Malaga is so much more than a destination for beach holidays or drunken parties.
The history of this vibrant coastal spot dates back to over 3,000 years ago when the Phoenicians arrived and named it Malaca. Then came the Romans, the Moors and the Christians.
Though Malaga had brief moments of prosperity, it wasn’t until the 1960s when tourism made the popular Costa del Sol city what it is today.
Yet, beyond rows of international chain stores and restaurants serving everything from pizza to chow mein, Malaga still holds onto fragments of its past – tucked away in different corners of the city.
Museo de la Cofradia de los Estudiantes
This little museum caught my eyes even before the famous Alcazaba.
Translating into Museum Collection of the Guild of Students, it is the home of many relics, with the floats being the most impressive displays of all.
I was in awe of the sheer size of the thrones of the Christ and Virgin Mary, and their opulent silver and gold structures.
They hynoptise even the least religious person with the detailed wood carving, elaborate floral arrangement and embroidery work.
This place was packed with tourists and locals when I visited, probably because it was during the Holy Week (Semana Santa). But make sure you go up to the second floor for a full view of the figures.
Monday to Friday
10.30am – 1.30pm & 5.30pm – 8.30pm
Entrance Fee: Free (donations welcome)
Teatro Romano & La Alcazaba
The Roman Theatre is right opposite the museum. To its right, you’ll find an information centre where you can grab a map of the city and find out about Easter procession paths and their starting times.
Keep going right and a steep path will lead you all the way up to this Moorish landmark.
The walk takes some time between 30-45 minutes at a casual pace. Take your time. Soak in the stunning view over the Mediterranean Sea, the ports, the promenade and the magnificent bullring.
9am – 8pm
9am – 6pm
*Closed on January 1, February 28 and December 25
Entrance Fee: €2.20
Malaga’s city centre is absolutely jam-packed with restaurant and bars, living up to its reputation as a tourist hub.
We sat down at AlCasaBar, not far from the ‘real’ Alcazaba and quietly tucked away on Calle Poza del Rey.
Freshen up with a Pina Colada lassi. Enjoy a variety of crepes cheekily named after Hollywood icons like James Dean and Angelina Jolie. Can’t decide? Just order 5 tapas for €10.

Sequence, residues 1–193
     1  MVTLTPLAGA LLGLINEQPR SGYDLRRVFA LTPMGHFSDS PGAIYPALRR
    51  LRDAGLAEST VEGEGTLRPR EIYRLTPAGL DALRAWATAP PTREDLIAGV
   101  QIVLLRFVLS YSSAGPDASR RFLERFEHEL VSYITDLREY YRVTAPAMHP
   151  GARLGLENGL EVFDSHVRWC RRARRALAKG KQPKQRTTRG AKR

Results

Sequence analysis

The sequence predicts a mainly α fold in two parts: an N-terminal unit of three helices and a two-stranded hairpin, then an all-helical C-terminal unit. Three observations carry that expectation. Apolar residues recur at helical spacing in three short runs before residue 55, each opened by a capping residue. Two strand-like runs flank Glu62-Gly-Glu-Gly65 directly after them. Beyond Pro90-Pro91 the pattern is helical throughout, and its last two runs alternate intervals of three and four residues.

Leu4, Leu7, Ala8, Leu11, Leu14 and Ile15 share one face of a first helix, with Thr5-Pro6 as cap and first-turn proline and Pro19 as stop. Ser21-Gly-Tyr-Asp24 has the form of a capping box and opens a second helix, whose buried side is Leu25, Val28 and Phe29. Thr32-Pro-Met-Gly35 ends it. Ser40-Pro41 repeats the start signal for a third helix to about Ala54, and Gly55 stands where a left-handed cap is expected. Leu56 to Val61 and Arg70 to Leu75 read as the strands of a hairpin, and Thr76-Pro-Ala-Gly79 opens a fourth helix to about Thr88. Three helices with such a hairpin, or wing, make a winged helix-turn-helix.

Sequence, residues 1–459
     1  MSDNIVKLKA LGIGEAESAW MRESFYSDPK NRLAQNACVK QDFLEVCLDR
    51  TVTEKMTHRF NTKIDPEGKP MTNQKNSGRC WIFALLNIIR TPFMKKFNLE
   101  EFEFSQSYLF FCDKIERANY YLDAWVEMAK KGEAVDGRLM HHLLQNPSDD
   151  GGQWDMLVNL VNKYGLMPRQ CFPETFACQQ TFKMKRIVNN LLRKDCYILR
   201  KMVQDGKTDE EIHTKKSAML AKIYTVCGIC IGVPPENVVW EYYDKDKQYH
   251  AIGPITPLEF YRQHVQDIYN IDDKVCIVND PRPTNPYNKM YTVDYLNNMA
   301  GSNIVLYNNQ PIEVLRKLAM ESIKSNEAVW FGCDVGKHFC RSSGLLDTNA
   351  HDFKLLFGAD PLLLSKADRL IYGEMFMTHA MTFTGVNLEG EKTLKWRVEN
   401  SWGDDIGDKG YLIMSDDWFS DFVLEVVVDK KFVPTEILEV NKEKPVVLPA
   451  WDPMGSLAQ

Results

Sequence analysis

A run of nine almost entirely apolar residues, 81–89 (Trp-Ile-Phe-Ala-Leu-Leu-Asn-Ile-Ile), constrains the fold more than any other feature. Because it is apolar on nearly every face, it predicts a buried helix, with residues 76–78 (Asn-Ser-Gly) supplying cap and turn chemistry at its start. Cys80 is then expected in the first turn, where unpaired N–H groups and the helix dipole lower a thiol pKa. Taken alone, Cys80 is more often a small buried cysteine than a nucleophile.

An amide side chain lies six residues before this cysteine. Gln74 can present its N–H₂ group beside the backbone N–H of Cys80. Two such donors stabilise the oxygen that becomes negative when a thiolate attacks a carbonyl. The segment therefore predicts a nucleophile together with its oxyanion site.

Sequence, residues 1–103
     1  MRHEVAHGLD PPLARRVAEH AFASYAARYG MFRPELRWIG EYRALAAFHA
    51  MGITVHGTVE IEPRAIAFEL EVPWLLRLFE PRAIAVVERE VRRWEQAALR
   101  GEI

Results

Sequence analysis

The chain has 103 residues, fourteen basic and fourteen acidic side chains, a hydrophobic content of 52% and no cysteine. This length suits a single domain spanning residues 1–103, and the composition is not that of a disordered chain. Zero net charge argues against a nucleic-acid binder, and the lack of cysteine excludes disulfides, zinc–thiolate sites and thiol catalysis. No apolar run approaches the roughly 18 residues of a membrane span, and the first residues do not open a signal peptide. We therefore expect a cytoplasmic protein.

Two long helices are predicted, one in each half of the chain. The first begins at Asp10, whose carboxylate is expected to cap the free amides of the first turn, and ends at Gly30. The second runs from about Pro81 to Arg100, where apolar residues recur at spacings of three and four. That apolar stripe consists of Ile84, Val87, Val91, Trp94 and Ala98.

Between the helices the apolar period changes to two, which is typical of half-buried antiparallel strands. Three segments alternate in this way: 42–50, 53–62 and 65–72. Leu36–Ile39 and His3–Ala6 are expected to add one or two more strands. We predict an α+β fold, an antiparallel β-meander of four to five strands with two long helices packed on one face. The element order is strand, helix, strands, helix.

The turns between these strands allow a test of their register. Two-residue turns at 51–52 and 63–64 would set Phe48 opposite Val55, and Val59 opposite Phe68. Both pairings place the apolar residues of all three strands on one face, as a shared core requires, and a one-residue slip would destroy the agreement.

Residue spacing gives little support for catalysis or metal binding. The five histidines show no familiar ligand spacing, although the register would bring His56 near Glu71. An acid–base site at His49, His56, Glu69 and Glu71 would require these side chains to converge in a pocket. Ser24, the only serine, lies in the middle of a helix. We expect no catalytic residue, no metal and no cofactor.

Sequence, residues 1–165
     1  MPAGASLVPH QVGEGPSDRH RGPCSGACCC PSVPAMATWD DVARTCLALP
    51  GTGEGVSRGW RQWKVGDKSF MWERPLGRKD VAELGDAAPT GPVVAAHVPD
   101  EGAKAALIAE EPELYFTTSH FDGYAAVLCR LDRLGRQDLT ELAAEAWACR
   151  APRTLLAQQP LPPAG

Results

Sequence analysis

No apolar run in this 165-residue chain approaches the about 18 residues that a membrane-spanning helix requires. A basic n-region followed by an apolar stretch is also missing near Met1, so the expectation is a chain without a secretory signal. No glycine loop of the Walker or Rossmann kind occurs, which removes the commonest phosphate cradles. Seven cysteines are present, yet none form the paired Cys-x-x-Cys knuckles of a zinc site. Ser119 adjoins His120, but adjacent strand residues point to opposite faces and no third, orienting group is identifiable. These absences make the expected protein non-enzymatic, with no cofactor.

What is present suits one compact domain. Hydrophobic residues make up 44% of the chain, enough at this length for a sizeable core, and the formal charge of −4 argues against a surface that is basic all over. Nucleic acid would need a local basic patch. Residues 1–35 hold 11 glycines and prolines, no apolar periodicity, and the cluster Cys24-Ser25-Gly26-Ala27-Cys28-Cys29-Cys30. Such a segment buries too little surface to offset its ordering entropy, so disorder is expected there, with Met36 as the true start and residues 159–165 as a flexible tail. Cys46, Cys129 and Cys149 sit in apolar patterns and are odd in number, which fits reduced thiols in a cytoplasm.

One may say the impressive Seville Cathedral dwarfs all the other cathedrals in Spain. But this Renaissance landmark in Malaga still stands out for me, as an Andalucia first-timer.
The vast size and grandeur of these Spanish religious establishments continue to amaze me. The choir stalls are adorned with 42 carved wooden statues, that are the fine work of sculptor Pedro de Mena.
On each side is an 18th century organ with over 4,000 pipes, decorated with elaborate sculptures that exude majestic elegance through the use of gold and green palettes.
At the end of your visit, admire the exterior of this architectural masterpiece and you’ll see why the ‘La Manquita’ (one-armed), even with an incomplete second tower, can rival other Spanish cathedrals.
Monday to Friday
10am – 6pm
10am – 5pm
*Closed on Sunday and holidays
Entrance Fee: €5
Museo Interactivo de la Música
The nightlife in Malaga is matched only by its taste for art, culture and history.
Classical singers belt out an aria outside the cathedral, whilst bold and creative street art command your imagination.
There are countless museums dotted around the city, ready to invite visitors on a journey to discover the Spanish way of life – from flamenco and wine to contemporary art and religious paintings.
The Picasso museum is the most famous of them all. Centre Pompidou is the newest, having opened its doors since March 2015.
I chose the Interactive Museum of Music. Although this is partly because most of the other museums had already closed up, I absolutely enjoyed the tour and would recommend it anyone with some interest in music – or those who want to try their hands at various different instruments in the ‘red rooms’.
‘The Flamenco Seen by Chinese Eyes’ exhibition was a pleasant surprise. The Museum partnered up with Minzu University of China and the Museum of Flamenco Dance to showcase the beautiful result of a meaningful exchange between the two dynamic cultures.
Just take a look at this astonishing piece of paper cutting artwork that represents Flamenco through the eyes of a Chinese student.
September 7 – June 24
Monday: 10am – 4pm
Tuesday to Sunday: 10am – 7pm
June 25 – September 6
Monday: 10.30am – 4pm
Tuesday to Sunday: 10.30am – 7.30pm
*Closed on January 1 & 6, and December 25
Entrance Fee: €4
After a long beautiful sunset walk along Plaza de la Marina, Paseo del Parque and feeling the tourists buzz at Muelle Uno, we dined at Taberna el Trillo – just off Calle Marqués de Larios where the procession would take place.
Malaga hosts one of the biggest and most spectacular processions during Semana Santa, so make sure you don’t miss it. They go on for all night until early morning, so if you’re driving back in the evening, check for alternative routes as some roads may be blocked.
This charming and energetic tune by Ana Mena gets played on the Spanish radio a lot, and it’s one of those perfect feel good songs for a carefree drive through the scenic routes. Check it out!